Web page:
Fourpure Pils

Fourpure Pils -- can and glass.

As lager lovers, we’re always keen to try British brewers’ attempts, especially when we’ve heard good things about them from fellow beer geeks.

Bermond­sey Beer Mile brew­ery Four­pure’s Pils has gen­er­at­ed plen­ty of atten­tion, part­ly because it comes in that most con­tentious of con­tain­ers, a 330ml can.

Trust­ing our peers, rather than dab­bling with one or two, we includ­ed half a dozen (@ £1.95 each, plus P&P) in our last order from Beer Mer­chants, placed at the height of the recent heat wave when we were crav­ing things cold and refresh­ing.

At first, we were a lit­tle dis­ap­point­ed: com­pared to the cans of St Austell Korev we had picked up from the local CO-OP (@ about £1.10 each) Four­pure Pils seemed rather rough-edged. Last night, how­ev­er, hav­ing emp­tied the last two cans and crushed them against our fore­heads with a roar (obvi­ous­ly not) we con­clud­ed that it was good stuff after all.

It is, for one thing, far from bland: by the stan­dards of most beers call­ing them­selves Pils, it has a pro­nounced wild-flower, black­cur­rant, sting­ing net­tle hop aro­ma, back up by a robust, parch­ing bit­ter­ness.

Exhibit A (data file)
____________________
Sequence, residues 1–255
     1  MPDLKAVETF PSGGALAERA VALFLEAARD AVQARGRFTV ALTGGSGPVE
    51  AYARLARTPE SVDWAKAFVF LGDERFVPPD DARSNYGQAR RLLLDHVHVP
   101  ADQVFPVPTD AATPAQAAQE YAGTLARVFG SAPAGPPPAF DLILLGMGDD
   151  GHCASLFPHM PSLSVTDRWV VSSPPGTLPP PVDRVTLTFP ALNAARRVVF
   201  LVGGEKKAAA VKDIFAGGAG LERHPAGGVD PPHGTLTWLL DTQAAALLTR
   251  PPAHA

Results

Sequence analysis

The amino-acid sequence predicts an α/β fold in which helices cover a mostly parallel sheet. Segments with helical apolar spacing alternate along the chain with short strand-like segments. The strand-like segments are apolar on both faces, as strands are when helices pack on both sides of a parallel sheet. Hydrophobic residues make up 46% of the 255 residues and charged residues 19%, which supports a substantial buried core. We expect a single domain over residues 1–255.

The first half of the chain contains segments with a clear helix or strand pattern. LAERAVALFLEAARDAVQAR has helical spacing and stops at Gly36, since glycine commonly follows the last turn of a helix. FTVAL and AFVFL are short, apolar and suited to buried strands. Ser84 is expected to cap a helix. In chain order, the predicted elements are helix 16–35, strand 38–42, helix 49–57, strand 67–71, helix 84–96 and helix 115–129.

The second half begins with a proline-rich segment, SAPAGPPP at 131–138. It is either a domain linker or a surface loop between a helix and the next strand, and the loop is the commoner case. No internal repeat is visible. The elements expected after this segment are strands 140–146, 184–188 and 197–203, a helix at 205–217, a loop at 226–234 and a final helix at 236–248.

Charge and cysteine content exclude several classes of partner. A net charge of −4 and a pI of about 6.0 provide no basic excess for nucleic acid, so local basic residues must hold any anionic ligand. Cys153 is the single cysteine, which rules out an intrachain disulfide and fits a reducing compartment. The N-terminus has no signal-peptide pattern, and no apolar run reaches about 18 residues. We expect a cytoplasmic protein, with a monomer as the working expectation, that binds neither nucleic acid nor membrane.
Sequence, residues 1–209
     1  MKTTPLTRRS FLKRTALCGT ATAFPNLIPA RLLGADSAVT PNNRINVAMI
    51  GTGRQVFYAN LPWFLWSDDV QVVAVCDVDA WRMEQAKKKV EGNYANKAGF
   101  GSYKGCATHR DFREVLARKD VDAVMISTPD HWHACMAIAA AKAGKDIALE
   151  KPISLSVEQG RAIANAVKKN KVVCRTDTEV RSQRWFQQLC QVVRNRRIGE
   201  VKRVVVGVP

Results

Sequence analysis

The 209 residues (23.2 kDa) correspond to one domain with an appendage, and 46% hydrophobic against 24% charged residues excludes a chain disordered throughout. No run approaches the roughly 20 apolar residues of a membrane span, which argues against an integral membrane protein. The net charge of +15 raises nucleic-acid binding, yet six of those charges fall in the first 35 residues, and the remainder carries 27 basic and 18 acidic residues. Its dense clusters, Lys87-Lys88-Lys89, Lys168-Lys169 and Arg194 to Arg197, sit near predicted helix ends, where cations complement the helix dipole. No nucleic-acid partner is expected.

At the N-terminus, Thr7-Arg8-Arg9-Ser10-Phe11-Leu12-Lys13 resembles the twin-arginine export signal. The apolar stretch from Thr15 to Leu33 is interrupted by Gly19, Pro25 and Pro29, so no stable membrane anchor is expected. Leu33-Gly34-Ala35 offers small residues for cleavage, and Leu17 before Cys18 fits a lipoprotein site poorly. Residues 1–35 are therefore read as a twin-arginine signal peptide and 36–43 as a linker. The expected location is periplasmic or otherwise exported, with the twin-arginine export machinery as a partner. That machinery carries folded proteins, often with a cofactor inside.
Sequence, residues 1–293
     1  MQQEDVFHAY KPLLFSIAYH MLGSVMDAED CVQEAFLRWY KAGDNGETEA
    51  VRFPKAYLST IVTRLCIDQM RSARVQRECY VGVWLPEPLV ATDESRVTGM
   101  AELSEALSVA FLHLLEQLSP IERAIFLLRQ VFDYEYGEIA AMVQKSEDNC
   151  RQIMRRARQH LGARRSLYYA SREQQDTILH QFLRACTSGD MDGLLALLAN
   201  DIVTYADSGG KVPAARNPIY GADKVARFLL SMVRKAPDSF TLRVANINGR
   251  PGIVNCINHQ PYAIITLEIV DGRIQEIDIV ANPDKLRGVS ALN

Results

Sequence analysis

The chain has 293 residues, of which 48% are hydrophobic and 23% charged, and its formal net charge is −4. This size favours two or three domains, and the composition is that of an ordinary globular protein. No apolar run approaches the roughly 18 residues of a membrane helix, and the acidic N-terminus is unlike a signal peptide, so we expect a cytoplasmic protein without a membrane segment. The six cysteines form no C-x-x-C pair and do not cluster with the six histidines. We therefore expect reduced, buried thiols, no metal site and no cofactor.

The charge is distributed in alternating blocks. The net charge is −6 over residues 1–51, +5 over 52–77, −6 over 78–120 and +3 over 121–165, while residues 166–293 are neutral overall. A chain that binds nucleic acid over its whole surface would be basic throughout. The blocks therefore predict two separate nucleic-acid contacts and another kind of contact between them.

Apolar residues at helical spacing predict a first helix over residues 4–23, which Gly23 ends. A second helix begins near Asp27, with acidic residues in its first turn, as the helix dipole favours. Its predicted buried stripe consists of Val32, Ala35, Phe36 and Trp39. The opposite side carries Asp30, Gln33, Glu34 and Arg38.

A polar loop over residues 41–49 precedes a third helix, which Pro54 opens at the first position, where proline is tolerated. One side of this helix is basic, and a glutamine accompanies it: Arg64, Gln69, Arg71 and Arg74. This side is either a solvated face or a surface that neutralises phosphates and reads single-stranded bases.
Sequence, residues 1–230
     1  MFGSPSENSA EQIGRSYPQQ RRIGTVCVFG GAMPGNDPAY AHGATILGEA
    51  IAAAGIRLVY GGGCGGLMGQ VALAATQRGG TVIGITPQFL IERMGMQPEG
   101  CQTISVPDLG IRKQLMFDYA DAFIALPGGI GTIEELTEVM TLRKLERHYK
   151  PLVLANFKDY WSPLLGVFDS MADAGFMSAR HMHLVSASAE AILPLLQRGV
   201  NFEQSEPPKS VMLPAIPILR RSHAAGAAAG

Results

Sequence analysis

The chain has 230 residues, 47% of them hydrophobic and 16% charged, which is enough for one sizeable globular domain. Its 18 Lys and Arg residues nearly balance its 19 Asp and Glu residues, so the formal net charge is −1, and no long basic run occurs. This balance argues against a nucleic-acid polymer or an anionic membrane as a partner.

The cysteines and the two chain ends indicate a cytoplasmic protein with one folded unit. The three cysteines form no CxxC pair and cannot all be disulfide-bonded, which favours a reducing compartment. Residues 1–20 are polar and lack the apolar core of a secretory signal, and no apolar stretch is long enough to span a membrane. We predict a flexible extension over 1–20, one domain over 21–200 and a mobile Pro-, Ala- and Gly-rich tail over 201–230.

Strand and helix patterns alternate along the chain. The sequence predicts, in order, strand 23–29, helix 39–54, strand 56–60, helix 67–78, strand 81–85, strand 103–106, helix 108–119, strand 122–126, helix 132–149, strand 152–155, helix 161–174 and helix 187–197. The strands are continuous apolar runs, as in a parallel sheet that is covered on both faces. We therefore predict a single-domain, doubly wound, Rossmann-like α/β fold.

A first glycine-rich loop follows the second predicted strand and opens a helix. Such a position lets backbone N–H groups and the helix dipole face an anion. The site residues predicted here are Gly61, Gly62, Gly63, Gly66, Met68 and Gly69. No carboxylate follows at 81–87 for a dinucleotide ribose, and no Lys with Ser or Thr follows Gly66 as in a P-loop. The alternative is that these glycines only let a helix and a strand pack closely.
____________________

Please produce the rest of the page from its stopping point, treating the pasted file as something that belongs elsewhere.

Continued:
The hint of rough­ness remained in evi­dence, how­ev­er – some­where in the brew­ing and pack­ag­ing process, we’d guess there is oxy­gen where there should­n’t be, lead­ing to a per­sis­tent stale, papery note in the back­ground. It’s much, much clean­er than our home-brewed lager (plas­tic buck­et, no tem­per­a­ture con­trol) but there are sim­i­lar­i­ties.

Depend­ing on your tastes, though, this might read as that much-desired qual­i­ty – ‘char­ac­ter’.

We could­n’t resist one final exper­i­ment – would it taste dif­fer­ent necked straight from the can? Side-by-side with a serv­ing in a fan­cy stemmed tast­ing glass, we not­ed to our sur­prise that despite this prac­ti­cal issue…

…the aro­ma was actu­al­ly far bet­ter, con­cen­trat­ed through the tiny aper­ture into a nee­dle of bright hop­pi­ness right up the nos­trils. From a glass, though still punchy, aro­ma, flavour and bit­ter­ness all seemed gen­er­al­ly gen­tler.

In con­clu­sion, we’d buy Four­pure Pils again, and look for­ward to try­ing it on tap when we get the chance.

3 thoughts on “Fourpure Pils”

  1. Read­ing that id con­clude maybe worth a try if I see it in a bar and don’t fan­cy owt else but for homedrink­ing noth­ing to make me switch from notably cheap­er bud­var

  2. What’s excit­ing for me is that how bet­ter it already is than it was 6 months ago. It’s evolv­ing, improv­ing and it’s evi­dent the brew­ery are work­ing hard to get their beers ‘dialled in’.

    St. Austell Korev is on tap at a pub in Ken­sal Green near where I work (The Masons Arms). I think it’s fan­tas­tic, hope I see those £1.19 priced cans in a Lon­don super­mar­ket soon.

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